India Economy

‘Rising cement demand indicative of economic growth’

Parvatha Vardhini C | Updated on September 16, 2018

Capacity utilisation improvement will play a bigger role than fresh investments: N Srinivasan

If cement demand can be considered a proxy for economic activity, growth is indeed picking up, says N Srinivasan, Vice-Chairman and Managing Director, India Cements. He also rates Tamil Nadu as one of the best investment destinations in the country, irrespective of the recent changes in the political landscape.

Excerpts from an exclusive interview with BusinessLine:

GDP growth has come in at a high of 8.2 per cent for the June 2018 quarter. On that ground, can we say that we have convincingly got out of the slowdown caused by demonetisation and the GST move?

In the western world, housing figures are taken as an indicator of the state of the economy. In India, you can take it as cement demand. Beginning the last three years of the UPA government, demand for cement had been sluggish. However, last year was slightly better, and this year, we are seeing a marked improvement in cement demand. That is an indication that, in relative terms, the economy is doing better.

Also, furthering this is the fact that even in the southern part of the country, where there is a lot of excess capacity in the cement industry, the capacity utilisation has improved. Now, which are the sectors that are contributing to the growth? While the individual house builder has always supported the cement industry, it is the infrastructure activity that is supporting the industry now. More than Tamil Nadu, Karnataka or Kerala, it is Maharashtra, Andhra and Telengana that are seeing a lot of infrastructure activity. So I would say that we are now entering a phase where the growth in demand is likely to be consistent and sustained.

But private capital expenditure has not picked up in tune with a growing economy…

Across industries, the capacity utilisation has not been great. So I think at the moment, capacity utilisation improvement, rather than fresh investments, will play a big role. I would say that for a company to make fresh investments today, it has to be very sure of what it is doing.

Whatever leeway was available earlier in the banking system is not there any more.

We hear about loan defaults by both big and small business groups and the pressure it is creating in the system.

Banks are not in a position to empathise even when the problem is not specific to the company, but to the industry. What I also understand is that they are slightly reluctant to lend, particularly to certain projects.

Since you broached the subject of loan defaults, the insolvency resolution process is bringing about consolidation in the core industries. Do you think the way forward is an oligopoly type of a market, where small players won’t find it feasible to exist?

As far as the cement industry goes, even a small cement company can exist.

There will always be a role and space. Today, what you call a small cement plant may have a capacity of 1-1.5 million tonnes.

A small cement factory is much larger than your traditional MSMEs; we are not talking of ₹10-20-crore projects, but of a turnover of ₹400-500 crore or more.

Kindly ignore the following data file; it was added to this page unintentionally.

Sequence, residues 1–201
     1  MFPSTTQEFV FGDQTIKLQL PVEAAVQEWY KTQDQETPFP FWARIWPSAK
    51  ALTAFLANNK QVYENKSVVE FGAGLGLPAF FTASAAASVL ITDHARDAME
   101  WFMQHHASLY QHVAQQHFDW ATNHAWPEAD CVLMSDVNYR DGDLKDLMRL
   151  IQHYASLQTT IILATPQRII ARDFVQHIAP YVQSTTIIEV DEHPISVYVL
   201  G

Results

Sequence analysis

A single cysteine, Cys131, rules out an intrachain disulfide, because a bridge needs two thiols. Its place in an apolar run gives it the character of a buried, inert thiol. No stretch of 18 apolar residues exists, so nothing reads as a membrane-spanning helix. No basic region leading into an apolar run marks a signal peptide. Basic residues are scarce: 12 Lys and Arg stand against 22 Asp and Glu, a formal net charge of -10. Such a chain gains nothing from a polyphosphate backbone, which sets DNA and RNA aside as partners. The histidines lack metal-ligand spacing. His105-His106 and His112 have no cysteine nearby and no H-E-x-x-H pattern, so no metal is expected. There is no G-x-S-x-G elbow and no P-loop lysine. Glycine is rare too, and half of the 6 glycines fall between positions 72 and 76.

So they (small players) will not vanish. I think the cement industry has already gone through its worst period. So in the next 4-5 years, you will see good demand, good prices; so they will strengthen their position.

You have a coal mine in Indonesia. Does cost control necessarily mean backward integration?

An element of backward integration is essential in our industry. We (India Cements) generate about 170 MW of power and we need to do more.

Will we not get it (power) from the State? We will. But suppose, one fine morning there is problem, then I will be on the backfoot. We are a continuous process industry.

We can never allow the kiln to stop. As far as fuel is concerned, we are not able to use Indian coal at all. One, it is far away — delivered cost (landed cost) is high.

So we live on either imported coal or pet coke; now we have shifted back to coal.

We are using the Indonesian coal mine solely to bring coal to our power stations. What I gain from this is that I take the speculation out. If international prices rise, I don’t suffer. To me, it is now only the cost of production. I am insulated from freight or other charges rising.

The past two years have been politically unstable in Tamil Nadu. Industry lost Kia Motors to Andhra Pradesh; the Sterlite controversy came up afterwards. How do you see the current politico-economic situation?

Industry has always had to work with the government. The only difference now being that, with the reform process, there is gradually less and less control. Over the past 2-3 decades, economics is slowly detaching from politics.

I am a firm believer in investing based on viability.

There are many factors which go into someone deciding to set up a plant in a State.

Of course, for the handout in the form of tax concessions, every State is competing with the other.

But in the case of the cement industry, it is limestone-specific.

There are only seven States in India which produce limestone. So you cannot invest anywhere. Hence, I would go where I feel I am viable.

Compared with other States, I would say that Tamil Nadu possibly has the best industrial relations.

You have skilled and mature labour — you don’t have to grapple on the labour front at all. We have facilities in many States, but I would rate Tamil Nadu as the best.

Published on September 16, 2018

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